Florida panther clawing back but deaths, shrinking land remain concerns
By Eric Staats
November 16, 2012
An endangered Florida panther lying dead on the side of the road after getting hit by a car or truck can be a grisly sight.
Almost everybody can agree on that.
Some panther advocates and panther scientists don't agree, though, on the impact of the road death tally on the wildcats' overall population health.
Panthers have been steadily clawing their way back from the edge of extinction since the 1990s, but that good news has been tempered by a rise in the number of panthers killed on Southwest Florida roads and killed in the wilds in fights with other panthers over shrinking territory.
The Florida Fish and Wildlife Conservation Commission chalked up its 13th roadkill panther of the year on Thursday, a 1-year-old female found dead along a stretch of State Road 29 south of Interstate 75 that doesn't have a wildlife underpass.
That brought 2012's total number of reported panther deaths to 21, only four short of the 2007 record, The record year for panther roadkill was 2009, with 18.
The 2012 death tally also includes six panthers killed in fights with other panthers, the third time in the past decade the level of what scientists call intraspecific aggression has climbed that high.
Don't panic, says Conservation Commission panther team leader Darrell Land. He said the higher mortality numbers are to be expected in a growing population.
"We're not alarmed by the numbers," Land said. "I'm not real concerned that these higher mortalities in recent years are going to cause the population to decline any time soon."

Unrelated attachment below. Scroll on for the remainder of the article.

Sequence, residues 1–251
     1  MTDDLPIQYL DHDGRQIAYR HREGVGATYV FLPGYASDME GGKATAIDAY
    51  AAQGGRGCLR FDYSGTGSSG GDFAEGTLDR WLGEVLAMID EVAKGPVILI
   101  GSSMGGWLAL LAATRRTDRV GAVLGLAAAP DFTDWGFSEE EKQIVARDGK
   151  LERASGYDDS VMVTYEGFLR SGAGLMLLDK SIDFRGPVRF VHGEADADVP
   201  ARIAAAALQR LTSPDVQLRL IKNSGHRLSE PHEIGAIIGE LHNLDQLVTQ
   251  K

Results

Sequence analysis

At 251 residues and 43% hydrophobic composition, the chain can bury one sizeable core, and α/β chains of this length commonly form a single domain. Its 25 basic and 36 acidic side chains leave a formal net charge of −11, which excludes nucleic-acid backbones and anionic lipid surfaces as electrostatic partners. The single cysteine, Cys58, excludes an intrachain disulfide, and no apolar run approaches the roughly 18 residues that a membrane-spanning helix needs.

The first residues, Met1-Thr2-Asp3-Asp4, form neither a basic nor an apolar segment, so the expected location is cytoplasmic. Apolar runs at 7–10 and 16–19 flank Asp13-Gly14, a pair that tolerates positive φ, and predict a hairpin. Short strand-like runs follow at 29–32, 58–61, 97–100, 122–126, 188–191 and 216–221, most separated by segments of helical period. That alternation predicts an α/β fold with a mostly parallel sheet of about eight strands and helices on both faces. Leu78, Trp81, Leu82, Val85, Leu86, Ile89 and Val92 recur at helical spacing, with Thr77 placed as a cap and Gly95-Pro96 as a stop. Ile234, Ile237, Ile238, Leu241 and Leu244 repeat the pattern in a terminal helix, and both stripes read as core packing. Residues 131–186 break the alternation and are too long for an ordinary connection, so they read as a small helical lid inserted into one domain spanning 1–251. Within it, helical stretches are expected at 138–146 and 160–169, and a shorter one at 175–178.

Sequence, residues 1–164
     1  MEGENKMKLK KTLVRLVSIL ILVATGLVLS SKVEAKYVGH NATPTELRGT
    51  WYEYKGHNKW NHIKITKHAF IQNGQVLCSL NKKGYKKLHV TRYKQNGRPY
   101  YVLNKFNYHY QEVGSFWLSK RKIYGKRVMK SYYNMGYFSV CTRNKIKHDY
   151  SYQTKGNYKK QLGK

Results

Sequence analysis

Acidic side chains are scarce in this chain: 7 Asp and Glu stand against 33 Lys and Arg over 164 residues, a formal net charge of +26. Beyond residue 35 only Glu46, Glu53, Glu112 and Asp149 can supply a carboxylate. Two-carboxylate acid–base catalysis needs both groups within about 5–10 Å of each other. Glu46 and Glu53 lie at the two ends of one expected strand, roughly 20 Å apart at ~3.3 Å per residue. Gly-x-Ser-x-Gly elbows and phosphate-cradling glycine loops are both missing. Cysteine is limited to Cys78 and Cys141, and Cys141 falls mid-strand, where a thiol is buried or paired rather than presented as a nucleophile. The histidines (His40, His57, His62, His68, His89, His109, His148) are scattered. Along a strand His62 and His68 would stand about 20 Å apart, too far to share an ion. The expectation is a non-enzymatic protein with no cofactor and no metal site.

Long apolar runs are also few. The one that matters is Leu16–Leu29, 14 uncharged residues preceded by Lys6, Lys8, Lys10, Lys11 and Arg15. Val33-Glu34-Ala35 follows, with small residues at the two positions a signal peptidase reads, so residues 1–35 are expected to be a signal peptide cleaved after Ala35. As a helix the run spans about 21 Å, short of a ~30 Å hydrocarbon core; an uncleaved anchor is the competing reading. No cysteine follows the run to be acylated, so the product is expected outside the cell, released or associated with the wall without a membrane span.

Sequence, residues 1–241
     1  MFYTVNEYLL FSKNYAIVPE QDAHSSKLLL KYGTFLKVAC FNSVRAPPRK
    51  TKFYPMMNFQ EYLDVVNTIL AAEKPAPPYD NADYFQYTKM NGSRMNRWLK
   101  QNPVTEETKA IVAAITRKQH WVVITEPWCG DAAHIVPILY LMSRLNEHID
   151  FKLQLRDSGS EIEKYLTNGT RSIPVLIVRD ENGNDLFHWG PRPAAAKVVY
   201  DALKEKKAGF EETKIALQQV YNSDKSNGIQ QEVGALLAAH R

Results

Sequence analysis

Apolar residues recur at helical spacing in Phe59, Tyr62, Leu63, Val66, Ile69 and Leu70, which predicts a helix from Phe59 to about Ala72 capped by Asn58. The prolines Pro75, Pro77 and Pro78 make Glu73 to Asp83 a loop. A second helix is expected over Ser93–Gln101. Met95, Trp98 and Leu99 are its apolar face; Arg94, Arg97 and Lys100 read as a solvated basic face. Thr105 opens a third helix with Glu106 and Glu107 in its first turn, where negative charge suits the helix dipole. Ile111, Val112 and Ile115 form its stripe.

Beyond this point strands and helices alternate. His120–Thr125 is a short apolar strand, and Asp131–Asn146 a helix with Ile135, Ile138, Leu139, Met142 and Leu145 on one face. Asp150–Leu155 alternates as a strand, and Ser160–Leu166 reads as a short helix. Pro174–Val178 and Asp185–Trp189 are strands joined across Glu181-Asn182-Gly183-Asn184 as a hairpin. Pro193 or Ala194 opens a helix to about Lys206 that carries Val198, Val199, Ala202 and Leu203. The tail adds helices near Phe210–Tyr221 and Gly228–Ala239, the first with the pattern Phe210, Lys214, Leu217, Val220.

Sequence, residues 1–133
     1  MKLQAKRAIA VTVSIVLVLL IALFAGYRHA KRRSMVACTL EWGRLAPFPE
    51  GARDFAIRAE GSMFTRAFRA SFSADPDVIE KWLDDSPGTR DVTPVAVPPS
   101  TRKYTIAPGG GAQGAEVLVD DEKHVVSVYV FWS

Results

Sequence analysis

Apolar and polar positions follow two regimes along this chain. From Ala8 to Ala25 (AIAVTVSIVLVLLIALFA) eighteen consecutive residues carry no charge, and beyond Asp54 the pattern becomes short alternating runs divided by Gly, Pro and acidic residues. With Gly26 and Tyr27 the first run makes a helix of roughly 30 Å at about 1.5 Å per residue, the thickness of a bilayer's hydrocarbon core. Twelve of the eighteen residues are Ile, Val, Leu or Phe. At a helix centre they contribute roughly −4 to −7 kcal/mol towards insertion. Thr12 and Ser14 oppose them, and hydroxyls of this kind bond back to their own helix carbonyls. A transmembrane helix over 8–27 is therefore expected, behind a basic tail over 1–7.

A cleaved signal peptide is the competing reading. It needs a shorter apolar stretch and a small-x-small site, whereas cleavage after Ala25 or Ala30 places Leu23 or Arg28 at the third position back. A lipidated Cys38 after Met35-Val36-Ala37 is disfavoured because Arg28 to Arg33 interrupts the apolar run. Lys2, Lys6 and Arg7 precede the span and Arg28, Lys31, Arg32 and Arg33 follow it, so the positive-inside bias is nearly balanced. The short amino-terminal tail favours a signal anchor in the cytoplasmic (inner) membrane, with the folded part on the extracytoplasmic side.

Scientists say as many as 160 panthers, up from as few as 30, thanks to a decision to move female Texas cougars to Southwest Florida to boost the gene pool and produce healthier offspring. Now, though, the expanding population is running out of room in Southwest Florida,
Wildlife biologists call it the S curve, the classic shape of a line graph charting a wildlife population as it rapidly bounces back and then flattens out.
"It looks like we're starting to see that (with panthers)," said Larry Williams, the U.S. Fish and Wildlife field supervisor in South Florida.
Some panther advocates, though, are skeptical of such back-of-the-cocktail napkin calculations.
"It's almost like the panther is becoming the parable of the loaves and fishes," said Jeff Ruch, executive director of Public Employees for Environmental Responsibility, a nonprofit whistleblower protection group based in Washington, D.C. "It can keep giving without ever running out."
In 2004, PEER represented former U.S. Fish and Wildlife Service biologist Andy Eller in an unsuccessful attempt to get his job back after he questioned the science his agency was using to approve development in panther habitat and was fired.
Land, at the Conservation Commission, said panthers are producing enough kittens each year to keep up with recent mortality trends, with births by females with radio tracking collars reaching 38 so far this year.
Kitten survival rates can be as low as 30 percent, but most females aren't tracked, about half the population is female and the average litter is between two and three kittens, Land said.
"The numbers still work out in their favor," he said.
Land said the agency is trying to find a better way to count panthers to make the calculation less of an educated guess.
"We haven't found that magic technique yet, but we're still looking," Land said.
Southwest Florida panther advocates say they agree that kitten births are keeping up with panther deaths, but say the roadkill toll should lend new urgency to action to keep the numbers of dead panthers to a minimum.
Florida Wildlife Federation field representative Nancy Payton has pushed for making more road segments safer by building widlife crossings under them at spots where panthers like to travel.
"Don't mourn, build underpasses," she said.
Conservancy of Southwest Florida President Andrew McElwaine said panthers need more habitat protection to avoid population declines that would turn the S curve upside down.
"The more habitats we lose, the worse it's going to get," he said.